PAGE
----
Safety and Nuclear Energy

The Two Famous Incidents and now Fukushima

Three Mile Island. 900 MWe Pressurized Water Reactor. High-pressure & high-temperature water isolated in closed reactor loop produce, via heat exchanger, steam for turbine.

In emergency shutdowns (SCRAM), the reactors built in US have an emergency core cooling system (ECCS) that pump large amounts of water into a reactor core heating too fast.

Designs of that era had (1) lots of pumps, valves, and water pipes in nuclear reactor and (2) vast arrays of indicators and knobs in control room.

Three Mile Island sequence (03/28/79)

Two weeks before, during routine maintenance 2 valves in auxiliary feedwater pumps (on steam side of heat exchanger) were manually closed and then inadvertently left closed.

Incident began with failure of primary feedwater pump to the heat exchanger. Loss of feedwater decreased heat transfer from primary system with its subsequent overheating and pressure increase.

By safety design, backup systems didn't begin immediately, and a SCRAM occurred ⇒ pressure relief valve opened to release excess pressure.

The three backup feedwater pumps, disabled by the closed valves, didn't start after built-in 15-sec delay.

The pressure relief valve stayed open long enough to lower pressure; then relief valve should have closed. The valve stuck open; not noticed for 2 1/2 hours.

By safety design, emergency core cooling system turned on as pressure dropped, but operators thought ECCS turned on by mistake & manually turned it off. The now uncovered core boiled water and steam escaped through the stuck relief valve.

Operators, seeing core cooling (due to escaping steam) mistakenly turned off water pumps to core, hoping to raise temperature. Big mistake: The core was uncovered for 13.5 hours.

Liquid released by stuck valve ruptured a holding tank seal, ultimately spilling 400,000 gallons of radioactive water onto containment vessel floor!

The final toll:
15-30% of the core was uncovered
45% of the core melted
70% of the core was damaged
20 tons of debris fell to reactor bottom
Considerable radioactivity released [1012 Bq]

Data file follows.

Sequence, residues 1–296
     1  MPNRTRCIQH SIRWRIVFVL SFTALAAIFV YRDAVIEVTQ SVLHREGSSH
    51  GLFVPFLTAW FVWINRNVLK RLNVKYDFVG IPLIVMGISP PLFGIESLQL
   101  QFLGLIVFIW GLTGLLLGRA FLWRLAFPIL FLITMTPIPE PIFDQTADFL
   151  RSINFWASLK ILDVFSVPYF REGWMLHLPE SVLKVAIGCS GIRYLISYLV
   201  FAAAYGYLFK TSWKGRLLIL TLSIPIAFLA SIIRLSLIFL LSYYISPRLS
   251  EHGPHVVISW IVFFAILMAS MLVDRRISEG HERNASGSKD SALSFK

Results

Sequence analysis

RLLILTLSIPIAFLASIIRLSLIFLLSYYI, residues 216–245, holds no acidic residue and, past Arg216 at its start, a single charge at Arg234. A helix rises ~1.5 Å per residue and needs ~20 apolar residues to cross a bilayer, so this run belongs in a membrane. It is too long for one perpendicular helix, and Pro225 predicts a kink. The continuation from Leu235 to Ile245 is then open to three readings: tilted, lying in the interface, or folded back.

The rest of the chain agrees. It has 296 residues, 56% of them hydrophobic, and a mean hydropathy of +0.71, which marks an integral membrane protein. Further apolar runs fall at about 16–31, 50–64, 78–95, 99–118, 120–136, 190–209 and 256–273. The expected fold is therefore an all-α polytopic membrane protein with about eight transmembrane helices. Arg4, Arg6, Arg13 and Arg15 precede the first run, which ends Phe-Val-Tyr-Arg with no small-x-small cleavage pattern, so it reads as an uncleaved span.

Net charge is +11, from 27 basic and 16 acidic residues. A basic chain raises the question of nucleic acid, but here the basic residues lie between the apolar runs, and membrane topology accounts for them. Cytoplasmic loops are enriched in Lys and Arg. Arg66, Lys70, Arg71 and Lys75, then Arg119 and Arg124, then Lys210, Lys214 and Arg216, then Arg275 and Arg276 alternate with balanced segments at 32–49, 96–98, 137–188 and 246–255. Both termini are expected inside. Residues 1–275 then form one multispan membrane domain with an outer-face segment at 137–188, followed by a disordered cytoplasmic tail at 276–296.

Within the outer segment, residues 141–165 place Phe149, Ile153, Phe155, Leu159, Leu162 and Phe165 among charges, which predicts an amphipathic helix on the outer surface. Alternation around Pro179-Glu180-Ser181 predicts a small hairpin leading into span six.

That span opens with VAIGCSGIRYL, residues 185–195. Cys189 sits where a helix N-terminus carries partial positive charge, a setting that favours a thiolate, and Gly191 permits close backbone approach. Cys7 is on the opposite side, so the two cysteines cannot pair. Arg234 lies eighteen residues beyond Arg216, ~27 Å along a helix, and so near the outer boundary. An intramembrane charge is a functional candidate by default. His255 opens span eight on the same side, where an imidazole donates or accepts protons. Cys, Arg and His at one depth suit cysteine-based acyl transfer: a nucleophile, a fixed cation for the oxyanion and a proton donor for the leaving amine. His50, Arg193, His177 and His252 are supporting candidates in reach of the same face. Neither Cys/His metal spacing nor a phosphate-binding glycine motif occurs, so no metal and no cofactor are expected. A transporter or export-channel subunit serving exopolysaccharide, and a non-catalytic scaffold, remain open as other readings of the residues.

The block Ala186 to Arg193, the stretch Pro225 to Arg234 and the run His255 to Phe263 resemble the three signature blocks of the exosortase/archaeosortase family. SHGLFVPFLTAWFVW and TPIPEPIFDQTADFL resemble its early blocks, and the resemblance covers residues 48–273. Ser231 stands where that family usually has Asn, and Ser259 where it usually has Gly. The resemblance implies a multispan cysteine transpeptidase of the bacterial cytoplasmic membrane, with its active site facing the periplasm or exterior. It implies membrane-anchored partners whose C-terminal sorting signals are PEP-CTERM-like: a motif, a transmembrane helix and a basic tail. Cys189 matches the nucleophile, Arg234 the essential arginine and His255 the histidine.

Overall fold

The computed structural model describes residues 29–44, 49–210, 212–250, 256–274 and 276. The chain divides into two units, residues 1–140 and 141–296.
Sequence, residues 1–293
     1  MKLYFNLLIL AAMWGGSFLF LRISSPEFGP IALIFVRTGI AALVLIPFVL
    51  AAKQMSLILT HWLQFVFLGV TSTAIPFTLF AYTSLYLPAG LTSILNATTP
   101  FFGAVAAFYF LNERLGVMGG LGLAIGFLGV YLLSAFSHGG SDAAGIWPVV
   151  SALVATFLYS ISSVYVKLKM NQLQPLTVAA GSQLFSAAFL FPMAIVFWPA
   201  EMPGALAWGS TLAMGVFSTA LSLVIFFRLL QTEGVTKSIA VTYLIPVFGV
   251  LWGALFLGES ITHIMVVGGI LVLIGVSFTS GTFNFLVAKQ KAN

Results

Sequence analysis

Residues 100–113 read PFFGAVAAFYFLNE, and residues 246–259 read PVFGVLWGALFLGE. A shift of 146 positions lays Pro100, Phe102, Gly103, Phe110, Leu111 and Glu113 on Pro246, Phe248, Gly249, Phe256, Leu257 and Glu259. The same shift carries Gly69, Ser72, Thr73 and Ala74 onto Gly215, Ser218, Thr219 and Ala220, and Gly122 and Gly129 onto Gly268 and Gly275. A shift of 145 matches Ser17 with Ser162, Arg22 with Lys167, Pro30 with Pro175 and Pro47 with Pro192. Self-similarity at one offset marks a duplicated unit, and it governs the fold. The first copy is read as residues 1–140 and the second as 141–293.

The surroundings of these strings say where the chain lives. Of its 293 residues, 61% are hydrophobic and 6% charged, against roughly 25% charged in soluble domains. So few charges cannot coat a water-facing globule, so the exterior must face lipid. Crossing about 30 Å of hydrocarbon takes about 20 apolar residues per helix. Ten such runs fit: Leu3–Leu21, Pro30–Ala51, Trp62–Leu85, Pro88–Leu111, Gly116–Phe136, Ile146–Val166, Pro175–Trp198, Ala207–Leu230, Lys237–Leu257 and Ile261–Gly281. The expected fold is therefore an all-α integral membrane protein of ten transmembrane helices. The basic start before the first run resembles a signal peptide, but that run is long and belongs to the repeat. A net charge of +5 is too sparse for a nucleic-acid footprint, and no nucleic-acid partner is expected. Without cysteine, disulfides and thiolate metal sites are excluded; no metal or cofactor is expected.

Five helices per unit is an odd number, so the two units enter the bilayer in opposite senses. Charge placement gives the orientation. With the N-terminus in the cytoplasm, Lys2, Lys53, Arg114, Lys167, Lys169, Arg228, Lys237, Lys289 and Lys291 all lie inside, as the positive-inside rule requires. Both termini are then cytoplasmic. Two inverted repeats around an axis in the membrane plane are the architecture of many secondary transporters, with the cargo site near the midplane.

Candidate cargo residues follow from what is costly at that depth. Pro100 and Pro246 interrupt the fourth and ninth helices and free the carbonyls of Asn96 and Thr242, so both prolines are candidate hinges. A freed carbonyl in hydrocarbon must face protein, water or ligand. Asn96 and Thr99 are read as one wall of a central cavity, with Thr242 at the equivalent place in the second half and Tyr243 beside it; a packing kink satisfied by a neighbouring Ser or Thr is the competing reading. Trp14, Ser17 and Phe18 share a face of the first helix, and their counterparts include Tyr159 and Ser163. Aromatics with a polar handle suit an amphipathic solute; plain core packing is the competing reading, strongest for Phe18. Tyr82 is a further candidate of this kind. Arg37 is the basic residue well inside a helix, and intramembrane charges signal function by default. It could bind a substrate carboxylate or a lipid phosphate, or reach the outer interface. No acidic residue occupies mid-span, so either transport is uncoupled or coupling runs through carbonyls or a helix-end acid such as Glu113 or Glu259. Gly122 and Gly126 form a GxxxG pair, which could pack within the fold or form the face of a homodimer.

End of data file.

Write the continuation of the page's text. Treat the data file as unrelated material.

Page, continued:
Summary: human error was the main cause; design-induced mechanical failure also important.

Some important lessons about the design of control rooms were learned by power plant managers.


Chernobyl in 1997.

The Chernobyl disaster in April 1986 was much greater than Three Mile Island. Again human error the cause.

Design errors important: no containment vessel and use of graphite moderator.

What started as a reasonable test of the use of turbine generators as source of emergency power for computers essential to control turned into a nightmare as repeated operator mistakes amplified the design flaws. No one will build this design again. Rehearsing the scenario is unfruitful.

The final toll is instructive:
31 people died in the accident.
Total destruction of the reactor.
Radioactivity released over northern hemisphere
      [2 x 1017 Bq].

Where are we now

From April 1986 to March 11, 2011, nuclear energy kept on going. While none were built in US, there were elsewhere -- so much so that the US's nuclear dependence for eletricity was barely noticeable compare to 18 nations before us with France getting 80%.

In the US we kept extending licenses. Without building more plants, the nuclear industry continued to supply about same percent because we got better at running the same reactors. There were small problems -- in Ohio a reactor vessel was nearly eaten through but was caught before any leakage occurred. But the NRC didn't radically revise inspection procedures.

In some countries, improved, safer designs were brought on-line. Their success encouraged USA NRC to authorize a new design. In early 2000s utility companies started filing documents to build new reactors, often on sites with reactors. Economic downturn put process on hold.

Fukushima showed how complacent we had become:

Safety and Nuclear Energy
[Saturday, 16-Dec-2017 23:20:36 EST]
Edited by: on Wednesday, 26-Oct-2011 09:12:41 EDT